The klystron-resonant cavity accelerator structure in FIG. 1 is enclosed within the dot-dash line block 1. It includes a klystron drive source enclosed within the dashed line block 2 and a linear accelerator enclosed within the dotted line block 3. The accelerator 3 consists of a number of resonant cavities formed into a section 4 which is mounted to provide an axial beam path 7 for a travelling or standing wave accelerating structure. Shown is a linear accelerator, however the present invention is not limited to linear accelerators. Conventional techniques are used for coupling the cavities together within the accelerator section and for determining the cavity profiles and cavity lengths. For a standing wave system, a second section 4' can be mounted as shown to provide a single axial beam path 7. A resonant cavity 5 which is mounted off to the accelerator beam axis 7, is coupled directly to the accelerator section 4, such as by a coupling iris. In the case of a standing wave system having accelerator sections 4 and 4', cavity 5 is coupled to both of the accelerating sections 4 and 4'. When the standing wave system is to be operated in the π/2mode, it is preferred that cavity 5 be coupled to the accelerating section 4 or sections 4 and 4' by a resonant coupling cell 6 or resonant coupling cells 6 and 6', respectively, since in the π/2 standing wave mode, cells 6 and 6' will have zero fields. Thus cavity 5 is an integral element in the coupled rf resonant cavity system of the accelerating structure 3.

The klystron-resonant cavity accelerator system 1 further includes a klystron 2 which has an electron gun 8 for providing a dc electron beam along a path 9 that is directed into the klystron input cavity 10. The input klystron cavity 10 can be driven by an oscillator controlled by a standard AFC regulation system or by a self-excited technique whereby the whole system is self-excited and the operating frequency is governed by adjustments of the rf phase between a signal pick up from the accelerator 3 and the input klystron cavity 10. Phase and amplitude control for the accelerator are realized by adjusting the oscillator 13 output relative to some reference control inputs 14. The dc electron beam from the gun 8 is bunched by the rf drive in the input klystron cavity 10 plus the action of a number of cavities 11, three being shown. This bunched beam is directed through cavity 5 which is mounted coaxially with the klystron beam axis 9 such that the beam sets up oscillating rf fields in cavity 5. The rf power generated in cavity 5 is dissipated by the accelerator structure and by energy gain of the accelerated beam since cavity 5 is coupled to the accelerator sections. Thus cavity 5 is also the output cavity for klystron 2. Cavity 5 is followed by a klystron beam dump 12 in which the klystron beam is absorbed.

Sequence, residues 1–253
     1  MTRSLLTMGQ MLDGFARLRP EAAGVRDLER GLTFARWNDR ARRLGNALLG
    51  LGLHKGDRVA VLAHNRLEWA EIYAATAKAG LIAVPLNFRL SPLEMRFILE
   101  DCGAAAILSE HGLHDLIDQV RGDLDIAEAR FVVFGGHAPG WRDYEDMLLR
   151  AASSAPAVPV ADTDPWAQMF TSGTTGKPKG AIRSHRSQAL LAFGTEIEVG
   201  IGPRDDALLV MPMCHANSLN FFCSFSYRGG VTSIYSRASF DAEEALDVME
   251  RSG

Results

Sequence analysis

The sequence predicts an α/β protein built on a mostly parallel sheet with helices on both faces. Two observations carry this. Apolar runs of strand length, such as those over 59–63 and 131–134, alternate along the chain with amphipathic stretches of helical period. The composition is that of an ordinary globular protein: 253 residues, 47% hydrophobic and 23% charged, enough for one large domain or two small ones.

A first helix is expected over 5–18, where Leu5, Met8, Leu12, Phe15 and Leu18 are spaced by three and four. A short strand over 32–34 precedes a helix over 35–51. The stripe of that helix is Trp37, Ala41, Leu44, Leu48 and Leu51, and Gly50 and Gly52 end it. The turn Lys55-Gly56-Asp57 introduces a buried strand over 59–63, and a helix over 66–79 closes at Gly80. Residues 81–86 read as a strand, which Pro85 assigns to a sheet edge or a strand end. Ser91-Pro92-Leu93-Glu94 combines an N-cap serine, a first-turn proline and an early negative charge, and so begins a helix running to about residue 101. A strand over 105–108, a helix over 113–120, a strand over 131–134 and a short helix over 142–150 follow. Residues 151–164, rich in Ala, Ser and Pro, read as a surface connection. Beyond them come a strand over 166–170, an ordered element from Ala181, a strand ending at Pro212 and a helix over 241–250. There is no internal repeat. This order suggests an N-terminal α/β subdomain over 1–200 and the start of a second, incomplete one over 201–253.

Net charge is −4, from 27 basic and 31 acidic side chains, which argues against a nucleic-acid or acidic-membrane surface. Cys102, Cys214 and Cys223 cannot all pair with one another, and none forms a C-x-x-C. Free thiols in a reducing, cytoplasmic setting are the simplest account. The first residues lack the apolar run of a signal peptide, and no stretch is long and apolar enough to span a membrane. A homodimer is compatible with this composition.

Since components 8, 10, 11, 5 and 12 in klystron 2 have a beam hole for beam path 9 and since components 5, 6, 6', 4 and 4' are coupled to one another by coupling irises, the klystron-resonant cavity accelerator system enclosed within envelope 1 is evacuated to a suitably low pressure by a single evacuating system 15. The evacuating system 15 may be connected into the klystron 2 as illustrated schematically in FIG. 1 or connected into one of the accelerator sections 4 or 4'. This single evacuating system 15 eliminates the need for rf windows and the compact structure eliminates the need for high power waveguide components.

Some typical values of cw system are as follows. With a 40 kv, 5A gun (200kw) the klystron can deliver 100 kw to the accelerator assuming a 50% efficiency. This power is then used by the accelerator in accelerating a beam of current I to an energy E using Xkw of power to establish the rf fields.

i.e.

IE+ X= 100 kw.

If the klystron had a 50 db gain the drive power would be 1 watt.

Patent Citations
Cited PatentFiling datePublication dateApplicantTitle
US2556978 *Oct 7, 1948Jun 12, 1951Bell Telephone Labor IncLinear accelerator for charged particles
US2813996 *Dec 16, 1954Nov 19, 1957Univ Leland Stanford JuniorBunching means for particle accelerators
US2920228 *Dec 13, 1954Jan 5, 1960Univ Leland Stanford JuniorVariable output linear accelerator
US3546524 *Nov 24, 1967Dec 8, 1970Varian AssociatesLinear accelerator having the beam injected at a position of maximum r.f. accelerating field
Referenced by
Citing PatentFiling datePublication dateApplicantTitle
US4140942 *Jun 29, 1977Feb 20, 1979Institut Yadernoi Fiziki Sibirskogo Otdelenia Akademii Nauk SssrRadio-frequency electron accelerator
US6407505 *Feb 1, 2001Jun 18, 2002Siemens Medical Solutions Usa, Inc.Variable energy linear accelerator
US6465957May 25, 2001Oct 15, 2002Siemens Medical Solutions Usa, Inc.Standing wave linear accelerator with integral prebunching section
US7242158 *Jul 8, 2004Jul 10, 2007Siemens Medical Solutions Usa, Inc.Distributed RF sources for medical RF accelerator
US20060006809 *Jul 8, 2004Jan 12, 2006Kenneth WhithamDistributed RF sources for medical RF accelerator
CN102612251A *Mar 13, 2012Jul 25, 2012苏州爱因智能设备有限公司Double-microwave-source electronic linear accelerator
CN102612251B *Mar 13, 2012Mar 4, 2015苏州爱因智能设备有限公司一种双微波源电子直线加速器
EP0035445A2 *Feb 26, 1981Sep 9, 1981C.G.R. MeVCharged particle accelerator utilizing waves in the range of one meter
EP2339899A1 *Dec 20, 2010Jun 29, 2011ThalesCompact charged particle generation source
Classifications
U.S. Classification315/5.41, 315/5.42, 315/3.5
International ClassificationH05H7/02, H01J25/10, H05H9/00
Cooperative ClassificationH01J25/10, H05H9/00, H05H7/02
European ClassificationH01J25/10, H05H7/02, H05H9/00